The Punisher season 3

The return of Marvel’s The Punisher comes at a precarious time for Marvel shows on Netflix. Along with Luke Cage and Iron Fist, Daredevil was recently cancelled after its third season, leading many to wonder why Netflix is dropping them. It still remains unknown if these shows will continue on Disney+, but the Jon Bernthal-led series The Punisher is back with a second season on Netflix right now.

Showrunner Steve Lightfoot spoke with /Film by phone about the new season earlier this week, and we talked about those cancellations, Frank Castle’s character arc, the show’s take on Jigsaw, what a third season might be about, and more. Read More »

We already knew Noomi Rapace was badass from The Girl with the Dragon Tattoo, Prometheus and her Netflix films Bright and What Happened to Monday. Now she has to measure up to real life bodyguard Jacquie Davis, the inspiration for her fictional character in Close from writer/director Vicky Jewson.

Sam (Rapace) is a prominent bodyguard hired to protect Zoe (Sophie Nelisse), the daughter of a mining company executive. When a kidnapping attempt is made, Sam takes Zoe on the run, taking on all attackers while trying to uncover what Zoe’s parents are involved in.

Jewson’s previous feature was another female led action film, Born of War, but before that she made the romance Lady Godiva. Jewson spoke with /Film by phone this week about her approach to action and the next step in female-led action movies. Close is on Netflix Friday, January 18.

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close trailer

Swedish actor Noomi Rapace went international when the original Swedish productions of the Girl WIth The Dragon Tattoo trilogy caught on around the world. Now she’s been in Hollywood productions like Prometheus, Sherlock Holmes: A Game of Shadows and three films for Netflix, including this week’s Close.

In Close, Rapace plays Sam, a bodyguard for Zoe (Sophie Nelisse), the daughter of a mining company CEO. After saving Zoe from a kidnapping attempt, Sam takes her on the run to protect her from the forces who are still trying to take her. Sam is inspired by real life bodyguard Jacquie Davis, though Close is a fictional tale.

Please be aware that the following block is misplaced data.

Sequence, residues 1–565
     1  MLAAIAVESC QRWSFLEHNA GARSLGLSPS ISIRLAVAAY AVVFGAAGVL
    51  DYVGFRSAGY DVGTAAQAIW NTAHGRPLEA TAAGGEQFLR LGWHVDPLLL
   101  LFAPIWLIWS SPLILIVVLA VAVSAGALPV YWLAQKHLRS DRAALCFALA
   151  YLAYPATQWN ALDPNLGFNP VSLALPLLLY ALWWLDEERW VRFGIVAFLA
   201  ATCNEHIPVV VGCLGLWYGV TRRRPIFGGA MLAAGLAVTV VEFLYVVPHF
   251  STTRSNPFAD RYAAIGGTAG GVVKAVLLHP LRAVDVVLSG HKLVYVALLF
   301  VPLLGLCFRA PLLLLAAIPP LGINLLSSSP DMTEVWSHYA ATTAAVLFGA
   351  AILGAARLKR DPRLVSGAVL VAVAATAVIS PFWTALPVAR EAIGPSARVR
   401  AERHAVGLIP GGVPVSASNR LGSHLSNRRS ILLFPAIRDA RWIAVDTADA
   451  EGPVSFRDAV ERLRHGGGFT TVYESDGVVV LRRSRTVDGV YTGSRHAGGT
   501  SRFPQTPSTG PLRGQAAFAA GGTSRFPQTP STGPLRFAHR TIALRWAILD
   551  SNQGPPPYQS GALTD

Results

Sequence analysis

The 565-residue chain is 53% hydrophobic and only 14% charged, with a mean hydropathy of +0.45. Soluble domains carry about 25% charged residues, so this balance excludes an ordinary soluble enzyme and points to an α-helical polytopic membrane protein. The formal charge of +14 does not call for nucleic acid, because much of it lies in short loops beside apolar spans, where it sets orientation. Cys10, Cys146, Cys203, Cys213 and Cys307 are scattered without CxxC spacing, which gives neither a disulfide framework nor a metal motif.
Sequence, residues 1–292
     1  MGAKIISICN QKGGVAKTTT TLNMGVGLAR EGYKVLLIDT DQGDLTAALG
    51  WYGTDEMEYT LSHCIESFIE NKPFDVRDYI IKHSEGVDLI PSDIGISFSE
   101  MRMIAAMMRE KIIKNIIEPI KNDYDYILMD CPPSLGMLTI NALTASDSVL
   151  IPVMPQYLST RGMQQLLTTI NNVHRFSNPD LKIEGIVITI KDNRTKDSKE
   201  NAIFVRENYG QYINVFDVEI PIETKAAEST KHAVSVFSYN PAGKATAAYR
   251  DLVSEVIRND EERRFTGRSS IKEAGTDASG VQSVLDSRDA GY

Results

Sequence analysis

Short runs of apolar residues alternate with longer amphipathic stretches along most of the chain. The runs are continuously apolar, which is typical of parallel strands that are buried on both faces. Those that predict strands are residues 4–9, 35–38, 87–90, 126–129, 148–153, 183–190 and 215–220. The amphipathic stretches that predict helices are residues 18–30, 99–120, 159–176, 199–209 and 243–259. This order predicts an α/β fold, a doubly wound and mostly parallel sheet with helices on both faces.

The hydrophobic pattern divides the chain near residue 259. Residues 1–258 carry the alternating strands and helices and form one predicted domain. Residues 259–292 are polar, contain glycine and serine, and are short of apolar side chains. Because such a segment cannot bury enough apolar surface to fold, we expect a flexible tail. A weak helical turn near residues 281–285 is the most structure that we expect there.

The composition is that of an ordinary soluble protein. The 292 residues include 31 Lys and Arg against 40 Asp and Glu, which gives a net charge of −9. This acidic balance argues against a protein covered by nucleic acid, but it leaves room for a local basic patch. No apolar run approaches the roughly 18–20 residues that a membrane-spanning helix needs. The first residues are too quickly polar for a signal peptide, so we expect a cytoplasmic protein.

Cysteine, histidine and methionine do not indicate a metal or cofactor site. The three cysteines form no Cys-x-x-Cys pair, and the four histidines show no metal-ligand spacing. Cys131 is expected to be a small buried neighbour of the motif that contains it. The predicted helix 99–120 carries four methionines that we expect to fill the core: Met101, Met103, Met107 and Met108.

Rapace spoke with /Film by phone out of New York. After Close, Rapace joins the cast of Jack Ryan for season 2. Close hits Netflix on Friday, January 18.

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wayne trailer

Deadpool screenwriters Rhett Reese and Paul Wernick have a new streaming series premiering on YouTube Premium today, although they did not create Wayne. They are producing the half hour series for creator Shawn Simmons, and YouTube Head of Original Content Susanne Daniels calls the show “Dirty Harry in high school.”

Wayne (Mark McKenna) is a teenager heading south to recover his late father’s stolen ’78 Trans Am. Wherever he stops along the way, trouble seems to find Wayne, but he’s resourceful enough to get out of it and continue towards Florida.

Reese and Wernick spoke with /Film by phone before the holidays, when they also previewed Once Upon a Deadpool and the upcoming Zombieland sequel. At the time, they weren’t addressing the news they were attached to a Pirates of the Caribbean reboot, which has since been confirmed. Wayne premieres today on YouTube Premium.

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state like sleep trailer

Over the past decade, actress Katherine Waterston has built up a solid filmography of work that had made her one of the most eclectic and reliable performers around. After years of theater work and taking meaty supporting roles in such films as Michael Clayton (her first film), Taking Woodstock, Robot & Frank (as well as a semi-regular role on HBO’s Boardwalk Empire), she made an impressive showing as Shasta Ray Hepworth in writer-director Paul Thomas Anderson’s 2014 marvel Inherent Vice, which effectively opened the flood gates for Waterston to take roles in Alex Ross Perry’s Queen of Earth, Danny Boyle’s Steve Jobs, Ridley Scott’s Alien: Covenant, Steven Soderbergh’s Logan Lucky, and in Jonah Hill’s directing debut Mid90s, in rapid succession. But it’s her work as young witch (and agent for the Magical Congress of the United States of America) Tina Goldstein in 2016’s Fantastic Beasts and Where to Find Them and last year’s Fantastic Beasts: The Crimes of Grindelwald that have garnered her worldwide attention.

Between her Potterverse obligations, Waterston has managed to squeeze in a few smaller-scale movies, including her current release State Like Sleep, from writer-director Meredith Danluck (North of South, West of East), in which she plays a woman whose actor husband (Michiel Huisman) died unexpectedly a year earlier and she is only now dealing with the emotional consequences. The film co-stars Michael Shannon as an unexpectedly helpful neighbor, and Luke Evans as her husband’s oldest friend. The piece begins as a mystery but turns into a genuinely moving film about grief and coping, and it’s these hidden themes that particularly intrigued Waterston about the role.

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John C. Reilly Interview